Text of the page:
Last Adam

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Glory of the Newborn Christ in Presence of God the Father and the Holy Spirit. Detail of a ceiling painting by Daniel Gran in St. Anne's Church, Vienna. Adam and Eve are portrayed below, in chains.

The Last Adam, also given as the Final Adam or the Ultimate Adam, is a title given to Jesus in the New Testament.[1][2] Similar titles that also refer to Jesus include Second Adam and New Adam.

Twice in the New Testament an explicit comparison is made between Jesus and Adam. In Romans 5:12–21, Paul observes that "just as through the disobedience of the one man the many were made sinners, so also through the obedience of the one man the many will be made righteous" (Romans 5:19, NIV). In 1 Corinthians 15:22, Paul writes that "as in Adam all die, so in Christ all will be made alive," while in verse 45 he calls Jesus the "last/ultimate/final Adam".

John Henry Newman used the phrase "Second Adam" in his hymn "Praise to the Holiest in the height", first appearing in The Dream of Gerontius:

O loving wisdom of our God!
When all was sin and shame,
A second Adam to the fight
And to the rescue came.

The title "New Adam" is emphasised in the Recapitulation theory of atonement.

The Pauline representation[edit]

Paul the Apostle contrasted Adam and Christ as two corporate personalities or representatives (Rom 5:12–21; 1 Cor. 15:20–3, 45–9) and saw human beings as bearing the image of both Adam and Christ (1 Cor. 15:49). Where Adam's disobedience meant sin and death for all, Christ's obedience more than made good the harm due to Adam by bringing righteousness and abundance of grace (Rom 5:12–21).[a] As a "life-giving spirit", the last Adam is risen from the dead and will transform us through resurrection into a heavenly, spiritual existence (1 Cor. 15:22, 45, 48–9). Thus Paul's Adam Christology involved both the earthly Jesus' obedience (Rom. 5) and the risen Christ's role as giver of the Spirit (1 Cor. 15).[b]

The same symbol, used to express Christ as the corporate, representative personality (and Adam as his foreshadow or "type", per Rom. 5:14), was taken up to express Christ's being: he is "the last Adam" (1 Cor. 15:45), or the "second man from heaven", and one not made "from earth, of dust" (1 Cor. 15:47; see Gen. 2:7).[3] Some scholars detect an Adamic reference in several other New Testament passages: for example, in the language about "the glory of Christ, who is the image (Gr.:eikōn) of God" (2 Cor. 4:4). Perhaps this is an echo of the language of Genesis 1:26–7 about Adam being created in the divine image. If so, Paul would be thinking here of Christ as the ideal Adam, with his humanity perfectly expressing the divine image. But this exegesis is not fully convincing.[c] One may likewise be less than fully convinced by those who find a reference to Adam in two hymnic or at least poetic passages: Colossians 1:15–20 and Philippians 2:6–11.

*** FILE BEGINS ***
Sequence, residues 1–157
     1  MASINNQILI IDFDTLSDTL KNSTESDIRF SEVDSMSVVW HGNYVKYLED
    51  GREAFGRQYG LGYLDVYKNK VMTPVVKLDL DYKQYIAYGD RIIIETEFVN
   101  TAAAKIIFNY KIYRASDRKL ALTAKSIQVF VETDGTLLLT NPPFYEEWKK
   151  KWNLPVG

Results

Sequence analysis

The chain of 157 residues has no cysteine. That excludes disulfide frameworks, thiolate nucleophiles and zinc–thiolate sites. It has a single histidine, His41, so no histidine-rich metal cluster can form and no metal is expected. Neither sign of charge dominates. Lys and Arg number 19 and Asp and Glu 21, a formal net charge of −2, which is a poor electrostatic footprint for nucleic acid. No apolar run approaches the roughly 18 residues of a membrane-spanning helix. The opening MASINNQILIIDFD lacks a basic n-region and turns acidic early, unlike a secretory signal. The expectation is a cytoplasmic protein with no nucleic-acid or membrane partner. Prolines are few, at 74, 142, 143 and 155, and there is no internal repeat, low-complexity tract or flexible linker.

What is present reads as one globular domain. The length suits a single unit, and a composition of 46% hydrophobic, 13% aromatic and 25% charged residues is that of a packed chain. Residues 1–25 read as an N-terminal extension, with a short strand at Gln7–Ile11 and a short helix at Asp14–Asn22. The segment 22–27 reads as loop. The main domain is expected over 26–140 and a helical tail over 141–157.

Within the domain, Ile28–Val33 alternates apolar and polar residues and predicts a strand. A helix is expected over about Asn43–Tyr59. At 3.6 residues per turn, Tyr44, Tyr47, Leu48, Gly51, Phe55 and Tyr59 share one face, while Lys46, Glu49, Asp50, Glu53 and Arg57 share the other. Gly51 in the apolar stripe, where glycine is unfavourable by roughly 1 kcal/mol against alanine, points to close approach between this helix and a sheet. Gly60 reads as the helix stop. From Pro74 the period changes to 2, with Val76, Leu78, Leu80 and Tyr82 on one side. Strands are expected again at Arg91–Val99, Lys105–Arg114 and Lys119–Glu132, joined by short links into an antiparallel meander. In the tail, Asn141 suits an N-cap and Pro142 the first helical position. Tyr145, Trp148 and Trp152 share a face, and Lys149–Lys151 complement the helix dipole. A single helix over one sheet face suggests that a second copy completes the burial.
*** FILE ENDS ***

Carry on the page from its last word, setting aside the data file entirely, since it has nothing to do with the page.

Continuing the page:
Colossians 1:15 In Colossians 1:15, Christ is called "the image (eikōn) of the invisible God, the first-born of all creation". In isolation, this verse could be taken merely in an Adamic sense as referring to Christ as the first created being, the archetypal human being who visibly reflects God, the invisible Creator. However, the context suggests finding the background in personified wisdom, the perfect image of God (Wisdom 7:26) and the agent of creation (Prov 8:22–31).[3] The verses which follow speak of "all things" being "created through him and for him", of his being "before all things", of "all things holding together" in him, and of the plenitude of deity dwelling in him (Colossians 1:16–17,19). Any parallelism with Adam, who was simply made in the divine image and likeness, gets left behind here.[d] On the contrary, every created thing, including the angelic "thrones, dominions, principalities, and authorities" (Col 1:16), is said to have originated through Christ (as creative agent) and for Christ (as final goal), who likewise is the principle of cohesion in holding the universe together. Further, it strains plausibility to argue that a mere Adamic model does justice to the language of "the fullness of God" dwelling in Christ (Col 1:19–20; cf. Col 2:9).[3]

The context of Colossians 1:15, therefore, prompts one to interpret "the image of the invisible God" as pointing to Christ being on the divine side and being the perfect revealer of God — a thought paralleled by John 1:18 and 2 Corinthians 4:4. Like the hymn or poem in Colossians, Hebrews also portrays Christ as the exact (divine) counterpart through whom the Father speaks and is revealed, and who is the one that sustains the entire universe: "He reflects the glory of God and bears the very stamp of his nature, upholding the universe by his word of power" (Heb 1:3).

The whole context of Colossians 1:15–20 suggests a more than Adamic and human interpretation of "the first-born of all creation". Christ is the "first-born" in the sense of being prior to and supreme over all creation, just as by virtue of his resurrection from the dead he is supreme vis-à-vis the Church (Col 1:18). The emphatic and repeated "kai autos" (Gr. for "and he") of Colossians 1:17,18 underline the absolute "pre-eminence" of Christ in the orders of creation and salvation history; he is pre-eminent both cosmologically and soteriologically.[4] He through whom the universe was created is the same Christ who formed the Church by rising from the dead. He has been active in both creation and redemption.[e]

Philippians 2[edit]